Do you love to bake? Pie plates are a great baking tool for home use. They're versatile and come in various designs and sizes. Pie plates aren't just great for baking pies, but they also work well with other types of baked goods like cakes, bread, and even pizza!
That's why we've done our research and pored over reviews on Amazon to choose the 10 best pie plates available. We picked the Easy Grab Pie Plates from Pyrex as our top pick because they're sturdy, bake evenly, and are made in the USA. We also have a buying guide reviewed by a chef to give you some suggestions on how to choose the right pie plate for you.
You might think all pie plates are pretty much the same, but many are totally different! There are several little details that you should consider before making your decision.
There are three main pie plate materials. One can conduct heat quickly, another can distribute heat evenly, and the third is perfect for frozen pies.
Metal plates can heat up and cool down the fastest compared to other materials. However, we don't recommend them for lemon pies because metal can react with acidic ingredients, changing your food's color, odor, and taste. But, they are the best option for blind-baking, which is prebaking a pie crust without any filling.
When it comes to metals, try to avoid a pie plate made of cast iron as this is heavy. We recommend an aluminum or steel plate since these materials are lightweight and dishwasher-safe.
Non-stick coatings may seem convenient, but they can cause more problems than they solve. When cutting into a pie that is on a non-stick plate, you run the risk of cutting into the non-stick coating and having pieces of it flake off onto your pie. We would advise avoiding non-stick plates unless you only will use plastic knives and spatulas with them.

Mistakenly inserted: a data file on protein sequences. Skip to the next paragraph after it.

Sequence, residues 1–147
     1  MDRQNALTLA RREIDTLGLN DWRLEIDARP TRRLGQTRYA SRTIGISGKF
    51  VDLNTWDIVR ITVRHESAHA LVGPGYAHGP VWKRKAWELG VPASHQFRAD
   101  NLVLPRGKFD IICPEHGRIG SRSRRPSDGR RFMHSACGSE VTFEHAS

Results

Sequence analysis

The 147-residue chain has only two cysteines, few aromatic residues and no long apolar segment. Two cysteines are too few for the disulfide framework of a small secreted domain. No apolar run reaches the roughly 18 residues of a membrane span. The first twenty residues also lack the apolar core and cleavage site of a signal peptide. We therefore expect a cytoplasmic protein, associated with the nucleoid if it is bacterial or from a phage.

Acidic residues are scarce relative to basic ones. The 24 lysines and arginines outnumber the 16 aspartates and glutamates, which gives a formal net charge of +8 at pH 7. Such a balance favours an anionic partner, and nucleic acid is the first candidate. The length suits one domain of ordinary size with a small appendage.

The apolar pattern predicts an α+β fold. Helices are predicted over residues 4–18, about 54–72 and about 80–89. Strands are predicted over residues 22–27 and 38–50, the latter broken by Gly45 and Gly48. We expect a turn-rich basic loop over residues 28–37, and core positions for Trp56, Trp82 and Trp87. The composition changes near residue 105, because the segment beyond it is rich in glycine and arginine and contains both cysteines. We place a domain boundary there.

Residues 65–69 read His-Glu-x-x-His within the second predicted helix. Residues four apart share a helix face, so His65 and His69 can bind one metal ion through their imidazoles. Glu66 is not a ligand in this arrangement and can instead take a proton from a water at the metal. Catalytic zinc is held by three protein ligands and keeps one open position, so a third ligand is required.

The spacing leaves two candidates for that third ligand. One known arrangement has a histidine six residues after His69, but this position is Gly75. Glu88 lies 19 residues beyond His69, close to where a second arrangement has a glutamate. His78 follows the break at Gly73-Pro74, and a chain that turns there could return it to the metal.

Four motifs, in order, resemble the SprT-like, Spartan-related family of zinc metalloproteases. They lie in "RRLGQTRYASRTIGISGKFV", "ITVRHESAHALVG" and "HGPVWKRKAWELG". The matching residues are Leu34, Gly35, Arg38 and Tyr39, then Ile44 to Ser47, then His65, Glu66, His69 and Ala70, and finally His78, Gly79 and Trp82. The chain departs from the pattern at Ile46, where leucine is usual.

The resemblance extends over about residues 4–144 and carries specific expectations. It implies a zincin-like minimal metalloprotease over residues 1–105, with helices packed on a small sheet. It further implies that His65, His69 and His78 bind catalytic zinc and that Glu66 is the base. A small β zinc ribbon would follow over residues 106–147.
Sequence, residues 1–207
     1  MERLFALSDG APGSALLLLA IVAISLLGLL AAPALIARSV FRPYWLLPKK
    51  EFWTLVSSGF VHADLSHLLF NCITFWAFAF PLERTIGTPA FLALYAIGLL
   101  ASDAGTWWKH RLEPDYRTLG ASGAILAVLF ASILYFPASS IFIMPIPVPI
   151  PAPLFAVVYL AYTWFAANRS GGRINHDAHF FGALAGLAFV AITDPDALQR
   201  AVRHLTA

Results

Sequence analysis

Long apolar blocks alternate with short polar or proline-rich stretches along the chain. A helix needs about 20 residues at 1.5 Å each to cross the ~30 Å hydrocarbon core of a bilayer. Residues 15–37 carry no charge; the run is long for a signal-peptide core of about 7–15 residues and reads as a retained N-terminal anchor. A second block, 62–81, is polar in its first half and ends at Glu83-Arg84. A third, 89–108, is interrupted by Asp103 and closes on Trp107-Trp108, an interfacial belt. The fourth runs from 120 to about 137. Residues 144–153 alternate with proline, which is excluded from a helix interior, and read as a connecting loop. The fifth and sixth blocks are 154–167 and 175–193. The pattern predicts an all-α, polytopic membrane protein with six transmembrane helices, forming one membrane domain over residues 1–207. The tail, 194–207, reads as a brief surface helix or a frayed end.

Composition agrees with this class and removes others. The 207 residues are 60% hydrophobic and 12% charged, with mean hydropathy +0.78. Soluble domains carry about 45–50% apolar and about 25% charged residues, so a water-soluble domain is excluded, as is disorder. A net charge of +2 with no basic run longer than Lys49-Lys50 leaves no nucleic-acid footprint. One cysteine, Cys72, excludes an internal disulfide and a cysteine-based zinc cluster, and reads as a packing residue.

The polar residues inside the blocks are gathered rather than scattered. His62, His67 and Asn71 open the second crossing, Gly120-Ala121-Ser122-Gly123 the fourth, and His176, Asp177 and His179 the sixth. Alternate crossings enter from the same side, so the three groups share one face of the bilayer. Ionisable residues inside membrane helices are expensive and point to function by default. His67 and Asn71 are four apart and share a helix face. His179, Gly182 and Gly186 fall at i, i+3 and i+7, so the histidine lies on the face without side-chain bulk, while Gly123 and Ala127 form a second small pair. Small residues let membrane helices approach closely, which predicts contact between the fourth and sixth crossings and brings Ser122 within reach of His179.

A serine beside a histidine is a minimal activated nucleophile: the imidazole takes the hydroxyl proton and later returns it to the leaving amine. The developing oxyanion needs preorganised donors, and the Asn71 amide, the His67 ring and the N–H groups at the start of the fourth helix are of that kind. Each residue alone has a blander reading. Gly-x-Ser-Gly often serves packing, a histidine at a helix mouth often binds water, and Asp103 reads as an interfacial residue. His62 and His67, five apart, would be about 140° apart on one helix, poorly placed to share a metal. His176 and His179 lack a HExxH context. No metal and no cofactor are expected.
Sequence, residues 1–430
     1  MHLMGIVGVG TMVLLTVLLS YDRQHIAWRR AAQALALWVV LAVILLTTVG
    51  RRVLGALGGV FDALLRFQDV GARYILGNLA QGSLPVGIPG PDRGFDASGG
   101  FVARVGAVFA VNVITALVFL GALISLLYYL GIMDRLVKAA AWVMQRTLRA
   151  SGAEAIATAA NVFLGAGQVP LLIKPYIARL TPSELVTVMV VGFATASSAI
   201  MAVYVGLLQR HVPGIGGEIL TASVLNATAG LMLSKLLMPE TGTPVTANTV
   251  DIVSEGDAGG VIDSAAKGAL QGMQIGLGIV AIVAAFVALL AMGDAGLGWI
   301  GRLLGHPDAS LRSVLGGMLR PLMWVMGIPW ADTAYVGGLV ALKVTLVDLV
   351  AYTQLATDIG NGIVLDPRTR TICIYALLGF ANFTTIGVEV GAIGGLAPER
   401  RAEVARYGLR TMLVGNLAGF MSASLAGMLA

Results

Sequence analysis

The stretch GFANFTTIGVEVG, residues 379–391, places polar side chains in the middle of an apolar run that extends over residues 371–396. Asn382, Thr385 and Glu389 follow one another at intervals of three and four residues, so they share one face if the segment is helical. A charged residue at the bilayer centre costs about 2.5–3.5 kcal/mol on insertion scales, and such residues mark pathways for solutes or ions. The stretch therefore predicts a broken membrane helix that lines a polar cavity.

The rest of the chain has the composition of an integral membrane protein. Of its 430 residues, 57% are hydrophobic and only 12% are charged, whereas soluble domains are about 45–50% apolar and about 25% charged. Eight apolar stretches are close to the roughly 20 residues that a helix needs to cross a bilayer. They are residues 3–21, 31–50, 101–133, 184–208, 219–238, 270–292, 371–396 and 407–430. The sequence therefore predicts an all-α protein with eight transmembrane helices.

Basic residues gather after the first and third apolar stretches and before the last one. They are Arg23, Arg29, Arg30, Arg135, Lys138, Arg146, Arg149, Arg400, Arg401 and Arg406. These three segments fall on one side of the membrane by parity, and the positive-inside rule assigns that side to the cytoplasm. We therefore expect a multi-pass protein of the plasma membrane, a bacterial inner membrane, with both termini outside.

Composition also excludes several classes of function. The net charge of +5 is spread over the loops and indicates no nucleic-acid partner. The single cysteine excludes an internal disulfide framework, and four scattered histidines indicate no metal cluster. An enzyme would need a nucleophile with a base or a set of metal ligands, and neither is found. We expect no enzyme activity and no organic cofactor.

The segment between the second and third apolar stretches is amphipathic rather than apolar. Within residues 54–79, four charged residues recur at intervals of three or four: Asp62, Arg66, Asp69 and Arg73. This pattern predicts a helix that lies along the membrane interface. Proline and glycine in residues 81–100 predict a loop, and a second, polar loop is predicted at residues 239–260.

Disposable aluminum pie pans are often made of durable aluminum that can handle heavy pies. Although they don't bake crusts as evenly as glass plates, they are the most convenient option for taking to potlucks. Since they're a little flexible, make sure to hold them with your hand centered on the bottom to keep the pies' shape.
If you want your baked goods brown on the bottom, we suggest choosing dull or darker-colored metals because they absorb heat quicker, resulting in lesser baking time. On the other hand, lighter-colored metals are a great option to keep a pie crust from browning too much and bake it more evenly.
Metal plates can be trickier to clean than some other materials if you opt for non-stick plates. When baking pies with longer baking times, their heat conductivity means they run the risk of overcooking fillings, so you will need to adjust and keep an eye on your pies. Thinner metal plates can warp or become dented under high heat.
Although glass plates don't conduct heat as quickly as metal plates, they distribute heat more evenly and continuously. With consistent heat, you'll get a perfect, golden-brown crust every time you bake. In terms of heat transfer, glass plates are safe to use with both microwave radiation and oven conduction.